Which Joe gave his name to ‘sloppy joes’? We look at five interesting sandwiches and their lexical origins.
An interval of a (whole) tone.
- ‘In this form, the seven intervals are of two sizes, the whole tone (or whole step) and the semitone (or half-step).’
- ‘The hook itself is formed by cut-up bits of MIA's voice, consisting of one measure staying on the tonic followed by half a measure dropping a whole step to a diminished (?) seventh.’
- ‘The distance from Do to Re, for instance, should always be a whole step; the distance from Do to Mi a major third and so forth.’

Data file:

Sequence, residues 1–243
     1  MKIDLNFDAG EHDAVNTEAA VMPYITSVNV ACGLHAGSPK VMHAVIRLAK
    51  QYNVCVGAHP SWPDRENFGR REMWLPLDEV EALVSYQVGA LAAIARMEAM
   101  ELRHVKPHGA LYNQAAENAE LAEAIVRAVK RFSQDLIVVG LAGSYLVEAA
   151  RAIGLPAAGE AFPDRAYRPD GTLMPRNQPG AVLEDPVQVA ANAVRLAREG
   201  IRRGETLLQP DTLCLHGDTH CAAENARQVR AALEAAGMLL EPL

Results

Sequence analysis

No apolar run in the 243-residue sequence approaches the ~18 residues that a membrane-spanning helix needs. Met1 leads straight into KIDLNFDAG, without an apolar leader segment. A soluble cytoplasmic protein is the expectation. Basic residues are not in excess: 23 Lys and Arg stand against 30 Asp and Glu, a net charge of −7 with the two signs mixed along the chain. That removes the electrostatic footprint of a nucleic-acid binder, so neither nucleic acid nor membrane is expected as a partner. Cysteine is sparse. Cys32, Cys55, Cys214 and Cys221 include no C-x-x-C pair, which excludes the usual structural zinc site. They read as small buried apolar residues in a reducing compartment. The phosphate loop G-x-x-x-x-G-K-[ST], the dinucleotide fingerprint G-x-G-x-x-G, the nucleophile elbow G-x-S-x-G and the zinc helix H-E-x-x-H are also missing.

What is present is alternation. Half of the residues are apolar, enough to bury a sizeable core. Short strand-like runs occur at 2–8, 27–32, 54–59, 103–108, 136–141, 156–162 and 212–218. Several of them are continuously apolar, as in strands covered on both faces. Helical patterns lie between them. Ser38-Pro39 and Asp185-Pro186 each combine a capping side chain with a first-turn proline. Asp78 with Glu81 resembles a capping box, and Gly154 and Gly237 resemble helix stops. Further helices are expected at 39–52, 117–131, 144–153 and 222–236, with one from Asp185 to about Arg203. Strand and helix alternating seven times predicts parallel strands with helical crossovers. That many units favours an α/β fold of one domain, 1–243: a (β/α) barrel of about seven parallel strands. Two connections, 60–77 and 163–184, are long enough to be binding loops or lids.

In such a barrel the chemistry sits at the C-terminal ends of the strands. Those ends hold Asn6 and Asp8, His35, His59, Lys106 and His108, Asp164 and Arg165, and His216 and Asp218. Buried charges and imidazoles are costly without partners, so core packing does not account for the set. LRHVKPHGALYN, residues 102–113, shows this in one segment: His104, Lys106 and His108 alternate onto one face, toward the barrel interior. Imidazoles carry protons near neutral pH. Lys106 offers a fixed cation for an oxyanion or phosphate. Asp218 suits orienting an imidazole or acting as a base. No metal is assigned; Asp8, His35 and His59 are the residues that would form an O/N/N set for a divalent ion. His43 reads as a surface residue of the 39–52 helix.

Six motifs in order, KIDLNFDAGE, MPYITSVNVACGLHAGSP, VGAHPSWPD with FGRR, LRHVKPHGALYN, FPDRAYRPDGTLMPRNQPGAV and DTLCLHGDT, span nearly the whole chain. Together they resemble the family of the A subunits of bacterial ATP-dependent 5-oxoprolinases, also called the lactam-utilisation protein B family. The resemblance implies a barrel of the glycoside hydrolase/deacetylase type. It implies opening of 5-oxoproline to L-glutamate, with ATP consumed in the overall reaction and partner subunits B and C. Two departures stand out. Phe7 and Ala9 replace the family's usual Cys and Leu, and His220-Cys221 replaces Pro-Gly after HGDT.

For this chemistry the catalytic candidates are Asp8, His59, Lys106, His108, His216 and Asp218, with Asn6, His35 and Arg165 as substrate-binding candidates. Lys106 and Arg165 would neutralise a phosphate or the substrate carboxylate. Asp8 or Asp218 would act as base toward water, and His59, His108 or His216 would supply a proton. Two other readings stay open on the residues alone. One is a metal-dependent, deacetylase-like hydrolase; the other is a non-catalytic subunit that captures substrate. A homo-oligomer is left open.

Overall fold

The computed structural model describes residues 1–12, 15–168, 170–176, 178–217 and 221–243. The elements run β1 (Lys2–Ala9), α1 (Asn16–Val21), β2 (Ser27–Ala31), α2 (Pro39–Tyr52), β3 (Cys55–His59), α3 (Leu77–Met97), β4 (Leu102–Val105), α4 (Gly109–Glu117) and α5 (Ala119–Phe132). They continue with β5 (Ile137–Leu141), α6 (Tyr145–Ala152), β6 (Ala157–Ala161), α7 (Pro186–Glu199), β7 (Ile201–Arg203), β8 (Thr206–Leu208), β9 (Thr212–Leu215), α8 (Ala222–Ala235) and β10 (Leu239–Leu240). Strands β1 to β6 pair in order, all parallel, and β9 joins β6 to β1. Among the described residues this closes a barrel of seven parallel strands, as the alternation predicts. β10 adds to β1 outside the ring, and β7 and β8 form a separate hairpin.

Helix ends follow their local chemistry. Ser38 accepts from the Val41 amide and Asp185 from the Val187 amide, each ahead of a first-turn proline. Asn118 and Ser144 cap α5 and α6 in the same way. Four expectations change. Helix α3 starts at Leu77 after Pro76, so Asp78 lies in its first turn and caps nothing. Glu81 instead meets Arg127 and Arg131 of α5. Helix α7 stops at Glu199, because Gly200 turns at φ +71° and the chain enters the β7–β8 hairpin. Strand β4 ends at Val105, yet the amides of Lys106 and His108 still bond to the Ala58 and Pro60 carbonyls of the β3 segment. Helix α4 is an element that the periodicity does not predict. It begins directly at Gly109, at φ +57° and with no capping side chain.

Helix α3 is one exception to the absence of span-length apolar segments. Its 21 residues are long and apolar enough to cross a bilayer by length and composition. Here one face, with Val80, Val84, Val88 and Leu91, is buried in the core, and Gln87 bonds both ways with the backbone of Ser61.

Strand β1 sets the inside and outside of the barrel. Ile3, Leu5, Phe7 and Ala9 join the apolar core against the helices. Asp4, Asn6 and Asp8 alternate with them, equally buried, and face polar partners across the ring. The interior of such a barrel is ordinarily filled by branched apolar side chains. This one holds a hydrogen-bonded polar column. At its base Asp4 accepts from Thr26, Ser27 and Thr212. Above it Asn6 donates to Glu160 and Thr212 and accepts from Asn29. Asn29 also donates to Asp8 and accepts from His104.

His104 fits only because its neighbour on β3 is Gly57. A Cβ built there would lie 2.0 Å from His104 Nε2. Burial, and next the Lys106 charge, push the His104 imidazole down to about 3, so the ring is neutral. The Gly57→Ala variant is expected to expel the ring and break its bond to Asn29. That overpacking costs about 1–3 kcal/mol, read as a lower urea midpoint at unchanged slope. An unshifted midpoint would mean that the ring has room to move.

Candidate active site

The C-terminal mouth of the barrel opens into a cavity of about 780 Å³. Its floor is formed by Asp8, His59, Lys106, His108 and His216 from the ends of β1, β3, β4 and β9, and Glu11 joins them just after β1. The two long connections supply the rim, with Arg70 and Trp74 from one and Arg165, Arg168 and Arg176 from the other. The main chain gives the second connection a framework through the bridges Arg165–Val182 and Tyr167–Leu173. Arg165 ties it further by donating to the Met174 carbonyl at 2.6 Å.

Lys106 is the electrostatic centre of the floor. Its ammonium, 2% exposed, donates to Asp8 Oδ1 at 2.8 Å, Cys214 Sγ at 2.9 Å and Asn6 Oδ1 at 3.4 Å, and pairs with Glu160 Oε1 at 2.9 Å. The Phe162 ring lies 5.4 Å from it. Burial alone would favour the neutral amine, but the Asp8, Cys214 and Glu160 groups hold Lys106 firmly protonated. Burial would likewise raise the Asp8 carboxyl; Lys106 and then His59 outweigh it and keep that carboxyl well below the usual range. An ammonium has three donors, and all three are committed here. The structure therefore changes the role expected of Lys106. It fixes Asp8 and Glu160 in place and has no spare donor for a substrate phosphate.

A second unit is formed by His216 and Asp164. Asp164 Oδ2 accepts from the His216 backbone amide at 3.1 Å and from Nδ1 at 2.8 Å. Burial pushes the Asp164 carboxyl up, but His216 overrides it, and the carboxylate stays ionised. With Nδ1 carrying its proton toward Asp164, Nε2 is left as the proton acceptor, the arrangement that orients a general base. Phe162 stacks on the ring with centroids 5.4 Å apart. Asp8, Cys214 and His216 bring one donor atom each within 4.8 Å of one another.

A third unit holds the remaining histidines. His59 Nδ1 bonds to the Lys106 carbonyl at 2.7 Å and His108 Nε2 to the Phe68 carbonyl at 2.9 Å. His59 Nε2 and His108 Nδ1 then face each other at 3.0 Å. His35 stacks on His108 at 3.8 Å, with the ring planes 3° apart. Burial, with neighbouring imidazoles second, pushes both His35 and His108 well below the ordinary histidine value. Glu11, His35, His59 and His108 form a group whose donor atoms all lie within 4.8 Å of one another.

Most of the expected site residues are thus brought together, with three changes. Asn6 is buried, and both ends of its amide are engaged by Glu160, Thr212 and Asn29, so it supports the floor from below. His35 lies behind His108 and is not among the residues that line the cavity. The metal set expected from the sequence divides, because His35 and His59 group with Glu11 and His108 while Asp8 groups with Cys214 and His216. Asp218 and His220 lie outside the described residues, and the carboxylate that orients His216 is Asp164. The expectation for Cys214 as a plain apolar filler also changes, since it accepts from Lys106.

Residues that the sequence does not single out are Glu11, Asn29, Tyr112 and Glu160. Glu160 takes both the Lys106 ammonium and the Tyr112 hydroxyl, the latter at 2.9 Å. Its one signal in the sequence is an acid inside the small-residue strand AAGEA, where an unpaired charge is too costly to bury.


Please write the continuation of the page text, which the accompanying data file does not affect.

- ‘A Jazz Symphony structurally comes down to two notes, a whole step apart.’
- ‘For example, the sight-singing student will view the passage C-D-E-F as two whole steps followed by a half step.’
We take a look at several popular, though confusing, punctuation marks.
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The definitions of ‘buddy’ and ‘bro’ in the OED have recently been revised. We explore their history and increase in popularity.